Fatty liver is also known as hepatic steatosis. It happens when fat builds up in the liver. Having small amounts of fat in your liver is normal, but too much can become a health problem.
Your liver is the second largest organ in your body. It helps process nutrients from food and drinks and filters harmful substances from your blood.
Too much fat in your liver can cause liver inflammation, which can damage your liver and create scarring. In severe cases, this scarring can lead to liver failure.
When fatty liver develops in someone who drinks a lot of alcohol, it’s known as alcoholic fatty liver disease (AFLD).
In someone who doesn’t drink a lot of alcohol, it’s known as non-alcoholic fatty liver disease (NAFLD). According to researchers in the World Journal of Gastroenterology, NAFLD affects up to 25 to 30 percent of people in the United States and Europe.
In many cases, fatty liver causes no noticeable symptoms. But you may feel tired or experience discomfort or pain in the upper right side of your abdomen.
Cirrhosis may cause symptoms such as:
- loss of appetite
- weight loss
- itchy skin
- yellow skin and eyes
- web-like clusters of blood vessels under your skin
- abdominal pain
- abdominal swelling
- swelling of your legs
- breast enlargement in men
Cirrhosis is a potentially life-threatening condition. Get the information you need to recognize and manage it.
Fatty liver develops when your body produces too much fat or doesn’t metabolize fat efficiently enough. The excess fat is stored in liver cells, where it accumulates and causes fatty liver disease.
This build-up of fat can be caused by a variety of things.
In people who don’t drink a lot of alcohol, the cause of fatty liver disease is less clear.
One or more of the following factors may play a role:
- high blood sugar
- insulin resistance
- high levels of fat, especially triglycerides, in your blood
Less common causes include:
- rapid weight loss
- some types of infections, such as hepatitis C
- side effects from some types of medications, such as methotrexate (Trexall), tamoxifen (Nolvadex), amiodorone (Pacerone), and valproic acid (Depakote)
- exposure to certain toxins
Certain genes may also raise your risk of developing fatty liver.
To diagnose fatty liver, your doctor will take your medical history, conduct a physical exam, and order one or more tests.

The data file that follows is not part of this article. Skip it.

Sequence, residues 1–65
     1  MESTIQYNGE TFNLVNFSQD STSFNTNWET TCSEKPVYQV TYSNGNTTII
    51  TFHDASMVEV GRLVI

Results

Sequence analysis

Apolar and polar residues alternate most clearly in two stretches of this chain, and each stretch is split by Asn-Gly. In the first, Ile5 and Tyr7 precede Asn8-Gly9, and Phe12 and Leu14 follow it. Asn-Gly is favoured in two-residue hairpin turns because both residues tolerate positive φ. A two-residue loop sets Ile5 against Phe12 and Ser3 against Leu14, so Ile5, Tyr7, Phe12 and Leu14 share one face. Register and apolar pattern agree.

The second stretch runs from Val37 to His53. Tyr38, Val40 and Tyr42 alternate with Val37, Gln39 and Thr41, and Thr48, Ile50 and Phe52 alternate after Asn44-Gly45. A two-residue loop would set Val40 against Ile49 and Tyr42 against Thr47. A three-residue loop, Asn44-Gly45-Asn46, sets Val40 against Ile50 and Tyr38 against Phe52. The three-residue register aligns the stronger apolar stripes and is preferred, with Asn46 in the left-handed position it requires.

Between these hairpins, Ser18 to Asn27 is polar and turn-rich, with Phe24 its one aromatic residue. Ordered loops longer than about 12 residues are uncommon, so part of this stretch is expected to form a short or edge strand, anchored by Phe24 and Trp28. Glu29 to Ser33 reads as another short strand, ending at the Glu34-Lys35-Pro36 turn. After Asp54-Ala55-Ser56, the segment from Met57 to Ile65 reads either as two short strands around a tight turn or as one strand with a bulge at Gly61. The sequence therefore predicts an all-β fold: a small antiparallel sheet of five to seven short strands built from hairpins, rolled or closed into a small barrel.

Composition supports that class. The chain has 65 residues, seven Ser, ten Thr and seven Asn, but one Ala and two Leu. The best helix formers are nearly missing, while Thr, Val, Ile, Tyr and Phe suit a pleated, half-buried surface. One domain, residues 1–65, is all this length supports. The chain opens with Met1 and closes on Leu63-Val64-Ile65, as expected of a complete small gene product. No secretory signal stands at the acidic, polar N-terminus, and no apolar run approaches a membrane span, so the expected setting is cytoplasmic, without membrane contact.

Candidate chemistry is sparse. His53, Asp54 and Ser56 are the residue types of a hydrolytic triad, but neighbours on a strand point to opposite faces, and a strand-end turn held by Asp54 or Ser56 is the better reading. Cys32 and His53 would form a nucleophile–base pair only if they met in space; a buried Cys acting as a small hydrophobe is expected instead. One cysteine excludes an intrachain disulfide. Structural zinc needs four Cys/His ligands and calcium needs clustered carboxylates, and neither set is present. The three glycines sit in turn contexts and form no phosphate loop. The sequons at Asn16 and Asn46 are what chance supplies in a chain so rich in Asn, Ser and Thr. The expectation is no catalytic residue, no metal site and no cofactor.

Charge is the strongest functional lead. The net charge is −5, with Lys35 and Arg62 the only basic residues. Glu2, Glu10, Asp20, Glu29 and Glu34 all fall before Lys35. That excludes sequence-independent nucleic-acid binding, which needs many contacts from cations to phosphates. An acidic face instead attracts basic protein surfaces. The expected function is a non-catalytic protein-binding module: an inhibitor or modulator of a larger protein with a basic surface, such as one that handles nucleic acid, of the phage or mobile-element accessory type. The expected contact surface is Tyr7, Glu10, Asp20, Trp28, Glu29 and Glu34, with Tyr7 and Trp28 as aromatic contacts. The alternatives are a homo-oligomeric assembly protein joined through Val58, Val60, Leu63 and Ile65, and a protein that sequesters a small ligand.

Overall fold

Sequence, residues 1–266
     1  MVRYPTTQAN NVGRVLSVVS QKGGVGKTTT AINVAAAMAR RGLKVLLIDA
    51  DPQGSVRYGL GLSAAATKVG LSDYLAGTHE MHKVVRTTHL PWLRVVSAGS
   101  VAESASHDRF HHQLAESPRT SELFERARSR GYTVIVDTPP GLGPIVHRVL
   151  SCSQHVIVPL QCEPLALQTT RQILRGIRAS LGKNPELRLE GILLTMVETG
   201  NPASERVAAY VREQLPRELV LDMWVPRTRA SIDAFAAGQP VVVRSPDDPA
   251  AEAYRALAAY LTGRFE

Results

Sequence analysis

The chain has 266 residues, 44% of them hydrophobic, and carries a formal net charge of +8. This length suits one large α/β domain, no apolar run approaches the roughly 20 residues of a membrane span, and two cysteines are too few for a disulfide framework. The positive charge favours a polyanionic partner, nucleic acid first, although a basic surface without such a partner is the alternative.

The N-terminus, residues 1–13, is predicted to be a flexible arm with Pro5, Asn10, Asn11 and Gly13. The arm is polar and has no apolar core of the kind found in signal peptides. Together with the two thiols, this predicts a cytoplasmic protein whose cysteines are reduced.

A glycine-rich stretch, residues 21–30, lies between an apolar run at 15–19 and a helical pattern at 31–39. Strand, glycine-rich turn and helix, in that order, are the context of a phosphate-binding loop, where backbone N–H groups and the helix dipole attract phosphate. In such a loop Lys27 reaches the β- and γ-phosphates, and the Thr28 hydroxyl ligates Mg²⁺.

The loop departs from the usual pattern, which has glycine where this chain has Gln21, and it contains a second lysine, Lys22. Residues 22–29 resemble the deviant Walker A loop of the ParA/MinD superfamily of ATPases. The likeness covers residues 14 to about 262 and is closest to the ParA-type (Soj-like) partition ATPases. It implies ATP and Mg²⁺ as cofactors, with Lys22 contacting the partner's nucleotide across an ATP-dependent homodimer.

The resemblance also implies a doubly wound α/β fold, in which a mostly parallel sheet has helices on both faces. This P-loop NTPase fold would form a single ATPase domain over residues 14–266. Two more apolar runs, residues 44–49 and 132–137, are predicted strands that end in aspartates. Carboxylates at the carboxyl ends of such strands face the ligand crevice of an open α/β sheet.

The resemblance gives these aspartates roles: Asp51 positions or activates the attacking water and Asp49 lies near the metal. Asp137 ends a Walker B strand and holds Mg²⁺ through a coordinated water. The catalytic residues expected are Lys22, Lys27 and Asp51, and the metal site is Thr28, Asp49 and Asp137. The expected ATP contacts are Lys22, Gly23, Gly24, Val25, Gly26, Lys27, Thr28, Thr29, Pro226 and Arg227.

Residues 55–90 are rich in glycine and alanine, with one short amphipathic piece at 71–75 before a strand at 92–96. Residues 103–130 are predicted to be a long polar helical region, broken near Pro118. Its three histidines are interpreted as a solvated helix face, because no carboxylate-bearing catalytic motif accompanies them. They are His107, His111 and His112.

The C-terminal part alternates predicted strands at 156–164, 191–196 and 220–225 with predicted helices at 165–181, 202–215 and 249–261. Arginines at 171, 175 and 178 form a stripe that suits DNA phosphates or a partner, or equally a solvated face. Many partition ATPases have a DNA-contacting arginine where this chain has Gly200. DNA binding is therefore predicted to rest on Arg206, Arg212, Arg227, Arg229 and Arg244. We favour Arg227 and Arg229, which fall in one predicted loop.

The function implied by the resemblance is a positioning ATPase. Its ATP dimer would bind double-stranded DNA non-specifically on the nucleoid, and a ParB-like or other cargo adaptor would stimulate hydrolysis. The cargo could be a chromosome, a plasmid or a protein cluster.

If your doctor suspects that you might have fatty liver, they will likely ask you questions about:
- your family medical history, including any history of liver disease
- your alcohol consumption and other lifestyle habits
- any medical conditions that you might have
- any medications that you might take
- recent changes in your health
If you’ve been experiencing fatigue, loss of appetite, or other unexplained symptoms, let your doctor know.
To check for liver inflammation, your doctor may palpate or press on your abdomen. If your liver is enlarged, they might be able to feel it.
However, it’s possible for your liver to be inflamed without being enlarged. Your doctor might not be able to tell if your liver is inflamed by touch.
In many cases, fatty liver disease is diagnosed after blood tests show elevated liver enzymes. For example, your doctor may order the alanine aminotransferase test (ALT) and aspartate aminotransferase test (AST) to check your liver enzymes.
These tests might be recommended if you’ve developed signs or symptoms of liver disease, or they might be ordered as part of routine blood work.
Elevated liver enzymes are a sign of liver inflammation. Fatty liver disease is one potential cause of liver inflammation, but it’s not the only one.
If you test positive for elevated liver enzymes, your doctor will likely order additional tests to identify the cause of the inflammation.
Your doctor may use one or more of the following imaging tests to check for excess fat or other problems with your liver:
They might also order a test known as vibration-controlled transient elastography (VCTE, FibroScan). This test uses low-frequency sound waves to measure liver stiffness. It can help check for scarring.
A liver biopsy is considered the best way to determine the severity of liver disease.
During a liver biopsy, a doctor will insert a needle into your liver and remove a piece of tissue for examination. They will give you a local anesthetic to lessen the pain.
This test can help determine if you have fatty liver disease, as well as liver scarring.
Currently, no medications have been approved to treat fatty liver disease. More research is needed to develop and test medications to treat this condition.
In many cases, lifestyle changes can help reverse fatty liver disease. For example, your doctor might advise you to:
- limit or avoid alcohol
- take steps to lose weight
- make changes to your diet
If you’ve developed complications, your doctor might recommend additional treatments. To treat cirrhosis, for example, they might prescribe:
- lifestyle changes
Cirrhosis can lead to liver failure. If you develop liver failure, you might need a liver transplant.
Lifestyle changes are the first-line treatment for fatty liver disease. Depending on your current condition and lifestyle habits, it might help to:
- lose weight
- reduce your alcohol intake
- eat a nutrient-rich diet that’s low in excess calories, saturated fat, and trans fats
- get at least 30 minutes of exercise most days of the week
According to the Mayo Clinic, some evidence suggests that vitamin E supplements might help prevent or treat liver damage caused by fatty liver disease. However, more research is needed. There are some health risks associated with consuming too much vitamin E.